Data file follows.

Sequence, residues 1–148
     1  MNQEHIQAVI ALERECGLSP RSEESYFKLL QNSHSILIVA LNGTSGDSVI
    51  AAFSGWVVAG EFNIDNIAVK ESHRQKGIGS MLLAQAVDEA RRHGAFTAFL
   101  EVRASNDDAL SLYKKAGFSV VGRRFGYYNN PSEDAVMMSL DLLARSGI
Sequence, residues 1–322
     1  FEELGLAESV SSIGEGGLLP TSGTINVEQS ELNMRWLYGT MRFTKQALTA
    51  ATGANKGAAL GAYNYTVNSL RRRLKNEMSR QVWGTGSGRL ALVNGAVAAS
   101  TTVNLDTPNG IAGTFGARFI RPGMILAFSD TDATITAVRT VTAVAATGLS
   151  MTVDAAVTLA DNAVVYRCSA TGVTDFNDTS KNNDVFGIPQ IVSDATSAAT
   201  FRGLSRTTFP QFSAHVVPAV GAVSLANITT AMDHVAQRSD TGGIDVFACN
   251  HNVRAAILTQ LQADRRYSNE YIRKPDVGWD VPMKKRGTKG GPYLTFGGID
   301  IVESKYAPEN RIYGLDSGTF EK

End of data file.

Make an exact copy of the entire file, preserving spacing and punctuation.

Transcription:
Sequence, residues 1–148
     1  MNQEHIQAVI ALERECGLSP RSEESYFKLL QNSHSILIVA LNGTSGDSVI
    51  AAFSGWVVAG EFNIDNIAVK ESHRQKGIGS MLLAQAVDEA RRHGAFTAFL
   101  EVRASNDDAL SLYKKAGFSV VGRRFGYYNN PSEDAVMMSL DLLARSGI
Sequence, residues 1–322
     1  FEELGLAESV SSIGEGGLLP TSGTINVEQS ELNMRWLYGT MRFTKQALTA
    51  ATGANKGAAL GAYNYTVNSL RRRLKNEMSR QVWGTGSGRL ALVNGAVAAS
   101  TTVNLDTPNG IAGTFGARFI RPGMILAFSD TDATITAVRT VTAVAATGLS
   151  MTVDAAVTLA DNAVVYRCSA TGVTDFNDTS KNNDVFGIPQ IVSDATSAAT
   201  FRGLSRTTFP QFSAHVVPAV GAVSLANITT AMDHVAQRSD TGGIDVFACN
   251  HNVRAAILTQ LQADRRYSNE YIRKPDVGWD VPMKKRGTKG GPYLTFGGID
   301  IVESKYAPEN RIYGLDSGTF EK